The last part of the blog post detail is the comments section. The template we downloaded does include a design for comments. I'm not going to go into styling comments here but if you do want to give it a shot the Mezzanine templates you would need to modify are generic/includes/comment.html and generic/includes/comments.html. You could also just copy the default Mezzanine css for comments (like I suggested you do above for ratings). The last option for comments, which I have been using lately, is to set up Disqus comments. It's incredibly easy to do with Mezzanine. Login to Disqus, set up the site on Disqus, then go to Site -> Settings in your Mezzanine site's admin and fill in the Disqus shortname setting. There are some other Disqus related setting but they are not needed to get comments working. A potential downside of Disqus is that if Disqus goes down, your comments will not work.

Your blog is now styled and matches the downloaded template. It's time to move on!

...and beyond

The downloaded template includes a portfolio page as well as individual portfolio items. We used parts of the portfolio page to style our gallery, but nothing in Mezzanine maps perfectly to the portfolio. First let's open portfolio_4columns.html and single_portfolio.html in our browser (you could work with one of the pages that has a different number of columns) and figure out some requirements.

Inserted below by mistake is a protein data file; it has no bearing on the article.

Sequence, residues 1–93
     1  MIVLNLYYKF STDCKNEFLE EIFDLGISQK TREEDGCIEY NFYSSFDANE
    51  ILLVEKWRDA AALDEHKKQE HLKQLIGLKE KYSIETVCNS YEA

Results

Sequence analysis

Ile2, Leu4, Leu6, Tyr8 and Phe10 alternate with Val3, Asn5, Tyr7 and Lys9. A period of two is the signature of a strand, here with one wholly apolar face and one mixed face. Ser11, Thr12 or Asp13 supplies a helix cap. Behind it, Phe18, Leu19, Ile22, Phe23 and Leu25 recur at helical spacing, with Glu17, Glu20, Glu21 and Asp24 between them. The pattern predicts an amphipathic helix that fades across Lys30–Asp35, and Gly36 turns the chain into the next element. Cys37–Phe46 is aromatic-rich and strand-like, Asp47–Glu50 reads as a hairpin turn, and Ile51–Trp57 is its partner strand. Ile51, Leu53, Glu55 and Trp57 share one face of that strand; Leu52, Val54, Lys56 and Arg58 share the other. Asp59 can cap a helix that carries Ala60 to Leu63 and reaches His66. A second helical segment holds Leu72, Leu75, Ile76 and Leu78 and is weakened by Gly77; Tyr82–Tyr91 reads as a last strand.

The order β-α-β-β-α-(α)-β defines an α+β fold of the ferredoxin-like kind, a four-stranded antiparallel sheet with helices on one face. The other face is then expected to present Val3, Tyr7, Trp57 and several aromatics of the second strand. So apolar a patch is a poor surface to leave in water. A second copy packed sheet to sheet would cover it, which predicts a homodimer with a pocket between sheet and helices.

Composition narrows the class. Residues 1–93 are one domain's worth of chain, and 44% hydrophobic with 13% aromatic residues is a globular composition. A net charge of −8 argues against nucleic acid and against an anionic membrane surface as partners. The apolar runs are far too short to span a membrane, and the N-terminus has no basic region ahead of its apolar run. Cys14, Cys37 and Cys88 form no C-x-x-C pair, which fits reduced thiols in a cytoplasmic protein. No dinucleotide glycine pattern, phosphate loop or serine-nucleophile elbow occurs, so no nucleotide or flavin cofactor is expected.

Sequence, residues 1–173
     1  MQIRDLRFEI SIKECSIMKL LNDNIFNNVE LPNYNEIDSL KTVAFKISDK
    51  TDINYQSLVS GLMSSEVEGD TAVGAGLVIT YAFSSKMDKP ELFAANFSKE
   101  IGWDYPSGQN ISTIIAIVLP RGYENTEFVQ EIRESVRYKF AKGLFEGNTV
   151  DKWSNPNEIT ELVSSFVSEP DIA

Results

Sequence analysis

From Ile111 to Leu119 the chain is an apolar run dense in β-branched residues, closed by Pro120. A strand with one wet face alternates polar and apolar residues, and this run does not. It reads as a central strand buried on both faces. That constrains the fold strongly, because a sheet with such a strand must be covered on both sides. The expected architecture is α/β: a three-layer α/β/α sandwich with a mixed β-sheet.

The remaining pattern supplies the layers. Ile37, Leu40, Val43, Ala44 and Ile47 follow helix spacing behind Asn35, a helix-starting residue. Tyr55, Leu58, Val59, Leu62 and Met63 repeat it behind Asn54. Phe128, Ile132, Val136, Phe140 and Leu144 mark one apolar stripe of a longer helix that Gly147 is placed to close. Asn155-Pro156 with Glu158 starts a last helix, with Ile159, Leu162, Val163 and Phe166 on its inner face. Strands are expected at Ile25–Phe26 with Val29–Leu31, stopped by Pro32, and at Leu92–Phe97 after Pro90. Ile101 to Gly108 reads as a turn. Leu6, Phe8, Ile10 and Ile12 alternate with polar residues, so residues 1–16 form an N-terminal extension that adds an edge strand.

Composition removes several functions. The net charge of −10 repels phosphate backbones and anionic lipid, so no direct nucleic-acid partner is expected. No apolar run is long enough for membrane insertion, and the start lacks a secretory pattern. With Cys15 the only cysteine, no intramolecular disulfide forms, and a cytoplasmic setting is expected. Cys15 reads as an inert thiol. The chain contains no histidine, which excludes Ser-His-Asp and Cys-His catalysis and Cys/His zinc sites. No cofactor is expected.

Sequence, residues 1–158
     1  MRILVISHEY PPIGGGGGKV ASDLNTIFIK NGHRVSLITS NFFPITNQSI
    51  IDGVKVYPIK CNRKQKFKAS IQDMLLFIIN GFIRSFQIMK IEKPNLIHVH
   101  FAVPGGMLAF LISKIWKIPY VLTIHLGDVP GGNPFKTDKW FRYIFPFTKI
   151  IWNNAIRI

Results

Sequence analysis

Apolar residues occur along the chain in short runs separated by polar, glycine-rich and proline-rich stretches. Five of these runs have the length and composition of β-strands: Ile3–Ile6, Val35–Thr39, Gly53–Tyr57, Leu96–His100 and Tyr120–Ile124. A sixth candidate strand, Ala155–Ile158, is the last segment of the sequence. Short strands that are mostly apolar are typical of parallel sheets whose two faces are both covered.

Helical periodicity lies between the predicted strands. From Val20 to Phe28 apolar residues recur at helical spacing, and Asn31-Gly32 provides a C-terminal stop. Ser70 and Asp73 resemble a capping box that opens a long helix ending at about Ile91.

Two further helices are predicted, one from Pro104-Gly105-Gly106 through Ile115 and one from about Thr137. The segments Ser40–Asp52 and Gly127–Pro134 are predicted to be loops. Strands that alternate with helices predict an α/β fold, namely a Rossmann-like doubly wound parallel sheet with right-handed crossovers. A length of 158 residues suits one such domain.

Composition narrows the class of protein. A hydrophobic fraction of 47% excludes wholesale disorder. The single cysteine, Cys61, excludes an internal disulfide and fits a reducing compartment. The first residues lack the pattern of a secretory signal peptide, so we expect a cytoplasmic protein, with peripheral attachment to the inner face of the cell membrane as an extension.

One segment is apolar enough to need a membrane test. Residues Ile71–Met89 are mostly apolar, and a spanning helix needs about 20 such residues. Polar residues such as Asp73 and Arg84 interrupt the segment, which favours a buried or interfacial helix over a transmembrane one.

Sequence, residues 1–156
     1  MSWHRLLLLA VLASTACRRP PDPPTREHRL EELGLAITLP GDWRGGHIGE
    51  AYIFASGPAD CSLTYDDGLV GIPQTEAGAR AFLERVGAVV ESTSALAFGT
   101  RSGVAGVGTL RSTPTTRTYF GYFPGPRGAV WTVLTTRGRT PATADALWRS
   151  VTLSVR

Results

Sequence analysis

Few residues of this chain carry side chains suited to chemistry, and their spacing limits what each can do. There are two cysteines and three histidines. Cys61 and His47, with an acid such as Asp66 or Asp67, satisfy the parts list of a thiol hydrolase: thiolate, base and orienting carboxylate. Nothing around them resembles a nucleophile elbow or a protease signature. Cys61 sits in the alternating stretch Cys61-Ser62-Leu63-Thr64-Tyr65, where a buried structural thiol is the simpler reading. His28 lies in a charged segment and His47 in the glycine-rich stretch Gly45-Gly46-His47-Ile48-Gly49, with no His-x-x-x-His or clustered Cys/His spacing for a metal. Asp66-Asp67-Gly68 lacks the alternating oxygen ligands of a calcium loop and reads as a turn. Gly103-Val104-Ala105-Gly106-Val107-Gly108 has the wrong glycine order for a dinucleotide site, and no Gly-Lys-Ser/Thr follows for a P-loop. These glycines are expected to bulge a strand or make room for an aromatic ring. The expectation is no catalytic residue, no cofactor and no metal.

This page just shows a bunch of thumbnails with titles and descriptions that are filterable based on categories. All of the content seems to be driven by the portfolio items that it "owns". I will add an optional rich content block. It also appears that the only difference between the different number of column templates is the span size of the individual items so I will add a field to allow selecting how many columns a portfolio should have.

Portfolio Item

The portfolio items have an image slideshow, two content boxes and a back to portfolio button. Based on the portfolio page we are also going to need to create categories (which we should display) and it would be nice to add an optional view project button that would link externally somewhere.